Computer Says “No”

(Originally published on LinkedIn August 2020)

I’m playing corporate word bingo at the moment. The complex and unfathomable game of chess with recruitment ‘tools’ that have their very own binary idea of who gets through to the human stage. If I miss a keyword in my application, does that automatically push me into the ‘bin’ pile? If I haven’t liked or commented on enough LinkedIn posts, will that forever exclude me from a chance? If I have too many pictures of cats on my Instagram, does that activate a ‘cat lady’ alarm that sends me a pair of comfortable shoes and a cagoule rather than onto the next stage?

I feel inadequate when some LinkedIn influencer posts their idea of what a successful day of job hunting entails. I start to feel guilty if I find myself looking at slow cooker recipes rather than being a professionally appropriate keyboard warrior.

I do understand why these hoops are there for us to jump though, it would be an impossible task to sift 500 applications for one job in any efficient and consistent way. That said, I think that the time some (most?) of us have to spend learning ‘The Way of the Keyword’ is frustratingly high. Is this the only way that recruitment can happen? Is Neurodiversity really catered to when the rules of the game are so ambiguous? Who knows. All I can do is try my best. The playing field, level or not is already getting muddy, and I’m going to get into the game and enjoy it!

Ladies and gentlemen of the class of Covid 2020, If I could offer you only one tip for the future, knowing keywords would be it. The long-term benefits of keywords have been proved by scientists, whereas the rest of my advice has no basis more reliable than my own meandering experience, I will dispense this advice now. Enjoy the extra time this year affords you, regardless of what has brought you here, Don’t regret wasting all of that time on an employment dating site, networking for a job you don’t really want. In 20 years, you won’t remember why you wanted it. There are huge possibilities before you, and you are capable of finding a job you love, not just use it as a means to an end. You are not as unemployable as you imagine. Don’t worry about the future, worrying only paralyses. Instead, have a plan and make it happen. Adapt along the way, but never forget the goal. The real troubles in your life are apt to be things that never crossed your mind, the kind that blindside you in March of 2020. Do one thing every day that scares you. Don’t be reckless with other people’s dreams. Don’t put up with people who are reckless with yours. Don’t waste your time on negativity. Sometimes things are good, sometimes they’re not so good. The race is long and, in the end, it’s only with yourself. Believe the compliments you receive. You are not an imposter. If you succeed in doing this, tell me how. Keep your old ‘thank-you’ emails. Delete the others. Don’t feel guilty if you don’t know what to do with your life. The most interesting people I know didn’t know at 22 what they wanted to do with their lives. Some of the most interesting 40-year-olds I know still don’t. Drink plenty of water. Be kind to yourself. We’re all getting older. Maybe you’ll get that dream job. Maybe you won’t. Maybe you’ll fail. Maybe you won’t. Maybe you’ll be redundant again in ten years. Maybe you will have been promoted for the second time. Whatever you do, don’t congratulate yourself too much, or berate yourself either. Your choices are half chance. So are everybody else’s. Enjoy your talents. Use them every way you can. Don’t be afraid of what other people think of them. Feedback is good. Dance, even if you have nowhere to do it but your own living room. Read the rules. Even if you don’t always follow them. Do not read beauty magazines, and if you do, make sure you recognise them for what they are. Get to know your parents. You never know when they’ll be gone for good. Be nice to your siblings. They’re your best link to your past and the people most likely to stick with you in the future. Understand that good opportunities come and go, but with precious few you should grab them when you can. Work hard to quash your fears, because they are the biggest thing that stand in the way of your success. Live in London once, but leave before it makes you hard. Live in Cornwall once, but leave before it makes you soft. Travel. Accept certain inalienable truths: Prices will rise. Politicians will philander. You, too, will get old. And when you do, you’ll fantasise that when you were younger, prices were reasonable, politicians were noble and children respected their elders. Respect the achievements of others, no matter how small they seem to you. Don’t rely on anyone else for your success, because when you get it, it will taste bitter. Accept help graciously, but make sure that you do the heavy lifting. You never know when you may be expected to do it all on your own. Don’t mess too much with your hair or by the time you’re 40 it will look 85. Be careful whose advice you buy, but be patient with those who supply it. Advice is a form of nostalgia. Dispensing it is a way of fishing the past from the disposal, wiping it off, painting over the ugly parts and recycling it for more than it’s worth. But trust me on the keywords.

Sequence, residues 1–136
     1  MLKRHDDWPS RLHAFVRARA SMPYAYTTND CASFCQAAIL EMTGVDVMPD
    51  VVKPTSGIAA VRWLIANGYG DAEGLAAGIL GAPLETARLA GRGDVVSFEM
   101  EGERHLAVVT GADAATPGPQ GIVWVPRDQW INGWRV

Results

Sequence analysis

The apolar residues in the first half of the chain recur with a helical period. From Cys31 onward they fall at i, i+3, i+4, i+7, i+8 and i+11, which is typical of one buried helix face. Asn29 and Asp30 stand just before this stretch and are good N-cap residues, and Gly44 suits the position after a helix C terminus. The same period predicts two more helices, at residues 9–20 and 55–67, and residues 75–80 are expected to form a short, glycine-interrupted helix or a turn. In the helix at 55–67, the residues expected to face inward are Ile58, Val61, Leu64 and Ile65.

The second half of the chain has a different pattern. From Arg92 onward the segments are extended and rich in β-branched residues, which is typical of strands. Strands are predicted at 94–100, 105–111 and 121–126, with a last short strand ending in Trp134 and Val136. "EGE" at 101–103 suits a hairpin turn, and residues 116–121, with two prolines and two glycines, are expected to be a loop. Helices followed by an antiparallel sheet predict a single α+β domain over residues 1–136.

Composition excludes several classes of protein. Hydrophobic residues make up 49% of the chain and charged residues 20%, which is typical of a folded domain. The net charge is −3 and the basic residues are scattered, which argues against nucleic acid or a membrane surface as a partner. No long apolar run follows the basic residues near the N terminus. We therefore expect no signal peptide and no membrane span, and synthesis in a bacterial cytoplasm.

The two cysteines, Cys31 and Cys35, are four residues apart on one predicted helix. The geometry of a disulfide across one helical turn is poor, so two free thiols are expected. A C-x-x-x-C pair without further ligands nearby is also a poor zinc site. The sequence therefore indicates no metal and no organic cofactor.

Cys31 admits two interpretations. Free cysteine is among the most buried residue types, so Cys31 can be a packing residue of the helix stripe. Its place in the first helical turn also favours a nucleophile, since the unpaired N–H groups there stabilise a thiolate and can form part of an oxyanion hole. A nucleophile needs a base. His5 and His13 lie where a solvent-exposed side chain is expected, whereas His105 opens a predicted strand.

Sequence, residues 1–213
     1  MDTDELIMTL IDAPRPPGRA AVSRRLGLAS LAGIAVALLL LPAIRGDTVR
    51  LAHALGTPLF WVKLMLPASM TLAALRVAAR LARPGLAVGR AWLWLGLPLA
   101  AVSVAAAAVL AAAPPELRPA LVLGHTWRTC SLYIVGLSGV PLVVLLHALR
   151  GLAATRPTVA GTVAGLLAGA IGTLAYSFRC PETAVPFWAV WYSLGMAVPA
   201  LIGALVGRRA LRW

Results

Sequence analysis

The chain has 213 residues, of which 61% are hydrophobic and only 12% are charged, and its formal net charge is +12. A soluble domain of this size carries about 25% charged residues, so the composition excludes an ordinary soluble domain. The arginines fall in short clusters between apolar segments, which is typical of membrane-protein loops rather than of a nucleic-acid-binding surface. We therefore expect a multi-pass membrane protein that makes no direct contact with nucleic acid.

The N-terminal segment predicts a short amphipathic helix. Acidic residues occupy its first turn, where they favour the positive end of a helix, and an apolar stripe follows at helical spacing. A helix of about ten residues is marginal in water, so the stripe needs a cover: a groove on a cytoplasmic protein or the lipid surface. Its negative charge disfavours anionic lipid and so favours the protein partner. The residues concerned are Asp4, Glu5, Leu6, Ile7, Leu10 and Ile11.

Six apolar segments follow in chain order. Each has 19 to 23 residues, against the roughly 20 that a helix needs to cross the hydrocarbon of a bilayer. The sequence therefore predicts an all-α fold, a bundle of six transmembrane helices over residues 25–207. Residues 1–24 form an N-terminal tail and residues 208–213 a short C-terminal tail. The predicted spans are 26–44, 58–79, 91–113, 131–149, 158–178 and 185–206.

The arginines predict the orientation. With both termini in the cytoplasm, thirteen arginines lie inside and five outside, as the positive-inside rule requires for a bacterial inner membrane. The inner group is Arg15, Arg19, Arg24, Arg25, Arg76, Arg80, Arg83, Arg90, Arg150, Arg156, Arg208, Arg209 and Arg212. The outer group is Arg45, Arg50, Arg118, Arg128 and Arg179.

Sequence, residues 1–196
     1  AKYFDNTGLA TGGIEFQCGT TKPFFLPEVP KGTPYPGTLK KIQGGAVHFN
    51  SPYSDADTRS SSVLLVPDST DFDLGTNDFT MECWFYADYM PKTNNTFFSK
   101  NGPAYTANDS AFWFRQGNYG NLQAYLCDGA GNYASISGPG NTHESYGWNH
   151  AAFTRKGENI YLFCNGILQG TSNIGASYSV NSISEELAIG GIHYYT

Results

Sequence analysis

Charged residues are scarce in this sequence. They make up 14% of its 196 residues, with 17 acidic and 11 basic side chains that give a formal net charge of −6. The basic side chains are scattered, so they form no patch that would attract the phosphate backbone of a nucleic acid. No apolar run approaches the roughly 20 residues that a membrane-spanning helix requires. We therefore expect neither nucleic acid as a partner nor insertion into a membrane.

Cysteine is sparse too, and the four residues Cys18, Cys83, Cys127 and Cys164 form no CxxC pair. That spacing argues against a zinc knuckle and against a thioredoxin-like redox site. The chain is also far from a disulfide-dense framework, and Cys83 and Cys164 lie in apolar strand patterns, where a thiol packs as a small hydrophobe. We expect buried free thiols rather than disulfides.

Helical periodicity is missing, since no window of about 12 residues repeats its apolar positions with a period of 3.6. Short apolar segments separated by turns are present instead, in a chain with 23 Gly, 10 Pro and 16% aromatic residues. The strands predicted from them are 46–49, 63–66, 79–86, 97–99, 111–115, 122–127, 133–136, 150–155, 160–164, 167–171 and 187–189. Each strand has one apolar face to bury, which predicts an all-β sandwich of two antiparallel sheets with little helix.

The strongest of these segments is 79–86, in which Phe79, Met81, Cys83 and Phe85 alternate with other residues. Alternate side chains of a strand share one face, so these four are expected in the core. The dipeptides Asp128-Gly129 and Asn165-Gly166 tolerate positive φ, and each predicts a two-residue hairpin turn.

Adapted from Advice, like youth, probably just wasted on the young by Mary Schmich

Originally published at



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